We must protect the heroes on the front lines in our communities

We must protect the heroes on the front lines in our communities
© U.S. Attorneys Office for Utah via AP, File

As a former prosecutor and the proud husband of a nurse, I have seen firsthand how law enforcement officers and first responders risk their lives every day to protect their communities. Over the past year and a half, the rest of America saw that too, as these local heroes continued to work day-in and day-out as the pandemic raged, selflessly risking exposure to COVID-19 for both themselves and their loved ones.

The reality is that emergency responders face a myriad of threats on the job. However, there’s one in particular that most are not well-equipped to deal with: exposure to illicit drugs and other hazardous materials.


First responders and law enforcement officers are often the first on the scene when someone is experiencing an overdose. Without adequate equipment and training, those encounters can be both dangerous and tragic. These brave public servants are at risk of exposure to dangerous narcotics and other deadly substances through inhalation, contact with needles, mucous membrane or skin contact, and ingestion.

Over the years, far too many of our police officers and first responders have been exposed to lethal substances while responding to emergency calls. In 2017 alone, there were over 150 media reports on first responder exposures to various opioids. More often than not, they are coming into contact with the lethal synthetic opioid fentanyl.

In May 2017, Patrolman Chris Green came into contact with fentanyl during a traffic stop in East Liverpool, Ohio. He collapsed not long after returning to the police station. In order to revive him, paramedics had to administer a dose of naloxone at the station and three more doses at the hospital.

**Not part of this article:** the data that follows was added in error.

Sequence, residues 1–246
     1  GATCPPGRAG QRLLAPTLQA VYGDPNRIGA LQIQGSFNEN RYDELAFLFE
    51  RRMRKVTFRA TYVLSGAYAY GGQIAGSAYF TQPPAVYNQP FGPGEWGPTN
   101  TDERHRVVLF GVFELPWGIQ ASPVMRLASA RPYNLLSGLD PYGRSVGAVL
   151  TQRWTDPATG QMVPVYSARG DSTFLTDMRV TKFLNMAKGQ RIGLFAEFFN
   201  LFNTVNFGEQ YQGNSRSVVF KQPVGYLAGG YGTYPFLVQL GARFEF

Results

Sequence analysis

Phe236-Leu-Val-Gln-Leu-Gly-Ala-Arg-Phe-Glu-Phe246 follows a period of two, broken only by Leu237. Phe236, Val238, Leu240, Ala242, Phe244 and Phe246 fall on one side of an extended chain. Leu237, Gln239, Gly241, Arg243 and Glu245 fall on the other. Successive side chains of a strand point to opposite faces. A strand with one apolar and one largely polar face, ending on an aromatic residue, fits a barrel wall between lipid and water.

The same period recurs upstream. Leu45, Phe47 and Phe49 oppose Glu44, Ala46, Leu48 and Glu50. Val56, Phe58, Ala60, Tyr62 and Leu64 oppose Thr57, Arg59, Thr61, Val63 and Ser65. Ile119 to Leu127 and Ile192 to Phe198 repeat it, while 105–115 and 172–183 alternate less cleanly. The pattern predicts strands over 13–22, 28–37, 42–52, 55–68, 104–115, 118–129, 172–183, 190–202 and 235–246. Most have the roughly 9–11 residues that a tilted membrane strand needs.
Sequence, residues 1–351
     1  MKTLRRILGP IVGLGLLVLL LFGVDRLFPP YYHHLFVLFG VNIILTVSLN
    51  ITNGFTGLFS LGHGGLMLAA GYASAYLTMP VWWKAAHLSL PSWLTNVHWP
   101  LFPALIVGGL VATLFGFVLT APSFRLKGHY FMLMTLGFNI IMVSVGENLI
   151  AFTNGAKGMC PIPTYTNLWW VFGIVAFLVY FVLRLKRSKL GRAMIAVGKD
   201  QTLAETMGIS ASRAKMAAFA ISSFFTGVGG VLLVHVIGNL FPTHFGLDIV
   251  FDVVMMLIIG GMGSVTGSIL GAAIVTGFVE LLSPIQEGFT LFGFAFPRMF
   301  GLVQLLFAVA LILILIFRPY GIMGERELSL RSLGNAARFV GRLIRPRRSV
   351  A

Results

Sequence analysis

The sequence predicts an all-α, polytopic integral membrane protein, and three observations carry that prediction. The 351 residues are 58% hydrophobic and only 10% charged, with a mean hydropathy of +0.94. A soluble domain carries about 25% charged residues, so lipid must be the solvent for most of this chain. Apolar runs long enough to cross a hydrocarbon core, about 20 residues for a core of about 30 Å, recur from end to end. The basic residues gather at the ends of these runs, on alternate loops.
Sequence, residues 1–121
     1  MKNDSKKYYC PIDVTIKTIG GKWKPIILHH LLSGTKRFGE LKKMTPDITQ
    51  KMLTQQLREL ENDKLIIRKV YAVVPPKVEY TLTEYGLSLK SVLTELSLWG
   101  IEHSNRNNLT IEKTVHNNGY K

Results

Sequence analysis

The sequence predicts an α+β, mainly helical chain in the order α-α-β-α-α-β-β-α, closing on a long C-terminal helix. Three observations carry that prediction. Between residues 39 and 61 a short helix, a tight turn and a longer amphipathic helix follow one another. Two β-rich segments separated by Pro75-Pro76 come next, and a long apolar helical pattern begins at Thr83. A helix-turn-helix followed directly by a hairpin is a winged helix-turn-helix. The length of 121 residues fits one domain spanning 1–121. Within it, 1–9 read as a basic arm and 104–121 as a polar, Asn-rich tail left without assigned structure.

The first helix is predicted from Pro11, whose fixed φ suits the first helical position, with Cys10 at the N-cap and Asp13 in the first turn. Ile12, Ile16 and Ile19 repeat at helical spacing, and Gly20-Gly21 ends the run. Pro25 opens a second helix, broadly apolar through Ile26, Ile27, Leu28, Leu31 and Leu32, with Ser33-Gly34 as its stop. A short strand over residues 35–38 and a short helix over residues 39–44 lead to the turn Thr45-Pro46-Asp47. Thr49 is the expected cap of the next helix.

In 2020, two California Highway Patrol officers and a member of the San Francisco Fire Department were hospitalized after a car crash on the Golden Gate Bridge exposed them to fentanyl.

In April of this year, two sheriff’s deputies were hospitalized in Caldwell, Idaho, after they were exposed to fentanyl while booking an inmate. And just last month, an EMS responder in Greeneville, Tenn., was rushed to the hospital after an opioid exposure while responding to an overdose involving heroin laced with fentanyl.

The harrowing stories of these local heroes is why I introduced the Protecting First Responders from Secondary Exposure Act with Rep. David TroneDavid John TroneNebraska Republican tests positive for COVID-19 in latest congressional breakthrough case The Hill's Morning Report - Presented by Facebook - Voting rights week for Democrats (again) Maryland Democrat announces positive COVID-19 test MORE (D-Md.).

Our bipartisan bill aims to help state and local governments purchase containment devices for their first responders and police officers, and to provide trainings on how to use them.

Containment devices help prevent exposure to lethal powders, as well as unknown chemical substances first responders and police officers seize or otherwise encounter. They not only help protect them from exposure to fentanyl, anthrax and other dangerous substances, but also better preserve these substances as evidence for forensic analysis which improves the efficacy of investigations.

With our nation staring down the barrel of a record-breaking surge in opioid overdoses and historic amounts of fentanyl flowing across our southern border and into our communities, the harsh reality is that our first responders and law enforcement officers need more support than ever before.


Last year, 69,710 of the 93,331 overdose deaths recorded in the United States involved opioids. That staggering number nearly eclipsed the total of fatal overdoses that occurred in 2019 (72,151).

These statistics and the losses they represent are heartbreaking — all of us have loved ones, friends or neighbors who have been impacted.

Thankfully, despite facing increased challenges from the COVID-19 pandemic, first responders and police officers across the country continue to serve on the front lines of the opioid crisis in their communities, delivering life-saving care and getting these dangerous drugs off the streets.

It’s not enough for us to simply thank these brave men and women for all that they do. We must remain committed to providing them with the equipment and training necessary to safely do their jobs.

Joyce represents Ohio’s 14th District.